Three particular aspects of the contemporary Internet experience have repeatedly struck me as especially challenging to the development of ethnographic strategies. For development of an ethnographic strategy for the Internet, it has seemed particularly significant that it isembedded in various contextualizing frameworks, institutions, and devices, that the experience of using it is embodied and hence highly personal and that it is everyday , often treated as an unremarkable and mundane infrastructure rather than something that people talk about in itself unless something significant goes wrong. These three “Es”—for shorthand purposes, the E3 Internet— provided a backdrop for thinking about why it is difficult to apply ethnographic principles to the contemporary Internet, and how we might do so successfully.
Hines brings to my attention that a virtual ethnographer has the choice of adopting an embedded, embodied and everyday (E3) perspective or a cyberspatial perspective, wherein the online space is viewed as more self-contained. For the purpose of my upcoming mini-virtual ethnography, a cyberspatial approach seems most apt, in part due to the scale – I also need to narrow my research question so that it fits within this perspective.
Hines, C. (2015). Ethnography for the Internet: Embedded, Embodied and Everyday. Bloomsbury Publishing [e-book]. Retrieved from https://ebookcentral.proquest.com/lib/ed/detail.action?docID=1873332.
I’ll blog about Kozinets’ chapter at a later point, and link to it here. Whereas the chapter focuses on developing social understandings of online spaces, in the video Kozinets provides a brief introduction to netnography, and describes a case study in which netnography was used as a marketing tool. Key (pragmatic) points for netnographic process (from the video):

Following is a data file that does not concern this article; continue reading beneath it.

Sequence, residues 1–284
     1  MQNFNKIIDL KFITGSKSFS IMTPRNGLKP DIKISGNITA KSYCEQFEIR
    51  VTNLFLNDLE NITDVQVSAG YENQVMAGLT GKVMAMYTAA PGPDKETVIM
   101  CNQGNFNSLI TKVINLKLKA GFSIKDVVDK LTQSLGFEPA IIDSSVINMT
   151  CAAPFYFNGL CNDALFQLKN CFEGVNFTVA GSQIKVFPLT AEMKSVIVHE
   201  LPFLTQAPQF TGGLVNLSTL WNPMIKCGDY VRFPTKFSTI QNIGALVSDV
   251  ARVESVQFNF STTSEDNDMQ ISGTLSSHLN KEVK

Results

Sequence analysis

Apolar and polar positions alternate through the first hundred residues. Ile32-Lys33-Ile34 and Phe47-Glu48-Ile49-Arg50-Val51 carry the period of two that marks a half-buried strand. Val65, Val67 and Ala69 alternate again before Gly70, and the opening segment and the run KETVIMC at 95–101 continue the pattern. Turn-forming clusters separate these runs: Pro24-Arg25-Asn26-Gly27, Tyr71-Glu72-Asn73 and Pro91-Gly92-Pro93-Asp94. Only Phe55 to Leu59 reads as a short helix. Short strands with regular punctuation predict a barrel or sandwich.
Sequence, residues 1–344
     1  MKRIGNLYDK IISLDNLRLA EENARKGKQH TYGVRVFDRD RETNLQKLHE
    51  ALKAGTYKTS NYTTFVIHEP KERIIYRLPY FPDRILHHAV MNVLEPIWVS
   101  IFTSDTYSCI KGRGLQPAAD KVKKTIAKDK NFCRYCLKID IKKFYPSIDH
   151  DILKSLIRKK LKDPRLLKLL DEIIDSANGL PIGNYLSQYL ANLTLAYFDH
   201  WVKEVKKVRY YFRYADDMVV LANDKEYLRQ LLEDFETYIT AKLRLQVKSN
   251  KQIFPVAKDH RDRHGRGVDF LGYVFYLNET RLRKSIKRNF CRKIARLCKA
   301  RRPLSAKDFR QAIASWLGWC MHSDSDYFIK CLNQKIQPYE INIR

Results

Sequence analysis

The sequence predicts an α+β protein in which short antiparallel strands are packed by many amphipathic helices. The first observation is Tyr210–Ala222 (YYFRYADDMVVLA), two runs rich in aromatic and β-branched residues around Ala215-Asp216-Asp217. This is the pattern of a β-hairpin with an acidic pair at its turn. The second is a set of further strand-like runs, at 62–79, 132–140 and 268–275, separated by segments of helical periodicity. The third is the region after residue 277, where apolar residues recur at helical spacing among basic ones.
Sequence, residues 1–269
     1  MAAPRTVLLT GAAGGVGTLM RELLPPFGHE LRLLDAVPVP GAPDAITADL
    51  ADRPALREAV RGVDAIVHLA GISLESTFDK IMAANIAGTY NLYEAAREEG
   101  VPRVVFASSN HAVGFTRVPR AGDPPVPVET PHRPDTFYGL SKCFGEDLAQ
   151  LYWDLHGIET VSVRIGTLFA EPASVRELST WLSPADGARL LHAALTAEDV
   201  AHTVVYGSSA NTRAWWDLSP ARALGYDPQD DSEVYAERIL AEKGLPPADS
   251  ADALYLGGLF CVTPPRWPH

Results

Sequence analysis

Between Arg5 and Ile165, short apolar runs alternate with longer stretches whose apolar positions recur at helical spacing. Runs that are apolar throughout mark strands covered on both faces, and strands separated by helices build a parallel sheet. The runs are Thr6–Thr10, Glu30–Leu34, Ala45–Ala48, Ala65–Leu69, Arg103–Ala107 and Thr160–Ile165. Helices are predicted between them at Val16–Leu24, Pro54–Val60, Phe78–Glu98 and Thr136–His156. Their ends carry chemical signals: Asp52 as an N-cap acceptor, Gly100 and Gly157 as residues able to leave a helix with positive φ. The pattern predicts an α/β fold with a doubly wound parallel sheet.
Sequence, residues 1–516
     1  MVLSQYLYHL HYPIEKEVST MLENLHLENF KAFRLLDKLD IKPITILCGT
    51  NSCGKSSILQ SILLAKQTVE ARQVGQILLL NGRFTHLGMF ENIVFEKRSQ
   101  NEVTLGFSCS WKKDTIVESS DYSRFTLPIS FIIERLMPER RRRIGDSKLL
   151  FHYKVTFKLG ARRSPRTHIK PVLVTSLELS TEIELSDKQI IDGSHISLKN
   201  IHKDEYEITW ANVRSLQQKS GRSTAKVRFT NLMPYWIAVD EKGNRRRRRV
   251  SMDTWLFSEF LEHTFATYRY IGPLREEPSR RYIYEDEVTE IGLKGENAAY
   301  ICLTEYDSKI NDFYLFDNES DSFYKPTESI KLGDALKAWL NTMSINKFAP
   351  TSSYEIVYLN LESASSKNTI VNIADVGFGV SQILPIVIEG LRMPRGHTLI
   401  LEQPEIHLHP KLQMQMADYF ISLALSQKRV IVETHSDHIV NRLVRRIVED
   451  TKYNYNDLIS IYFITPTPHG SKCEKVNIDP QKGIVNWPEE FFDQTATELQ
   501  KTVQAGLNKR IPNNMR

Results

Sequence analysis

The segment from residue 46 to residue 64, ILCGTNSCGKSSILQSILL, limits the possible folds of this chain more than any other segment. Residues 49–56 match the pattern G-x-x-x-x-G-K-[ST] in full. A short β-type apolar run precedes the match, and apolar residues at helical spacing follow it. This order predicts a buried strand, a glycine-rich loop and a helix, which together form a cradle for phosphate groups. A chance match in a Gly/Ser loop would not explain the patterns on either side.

-establish research question
-identify potential fields and choose which you will focus on
-observe (swimming in the data)
-analyse for key themes
-(when using netnography for marketing) respond to collected data with marketing strategy.
In Massiveness + Open = New Literacies of Participation (2013), Stewart identified 3 integral components to MOOCs:
“the connectivity of social networking, the facilitation of an acknowledged expert in a field of study and a collection of freely accessible online resources” (McAuley, Stewart, Siemens & Cormier, 2010)
Yet, as Stewart further highlights, the story of MOOCs is often (misleadingly) told through that of online education in general, globalization and networked learning (p. 228), and the original values (autonomy, interaction, exploration, contribution) and characteristics (’emphasizing networked practices, knowledge generation, and many-to-many channels of communication’) MOOCs subverted or overlooked. The video explores the history, nature and values of MOOCs, as per McAuley, Stewart, Siemens & Cormier’s (2010) research, in more detail.
Reading/watching this research unfold today, with the proliferation of so-called xMOOCs that frequently focus on delivery of information or course content (Stewart, 2013), it seems almost idealistic. Yet, it is true that networked technologies have the capacity (and indeed are, though less frequently) to be used in the way McAuley, Stewart, Siemens & Cormier (2010) propose: a reminder that technology cannot be separated from social practice and context.
Looking forward to observing how networked practices come into play in my MOOC next week..
This short video by Dave Cormier provides advice on how to succeed in a MOOC:
Since my attendance in an as yet undecided MOOC next week will be for the purposes of conducting a min-visual ethnography rather than complete the MOOC successfully, it is not all totally relevant. However, the steps/phases declare, network, cluster seem to be key to community formation – so something to look out for, and to think about with regard to my own participation.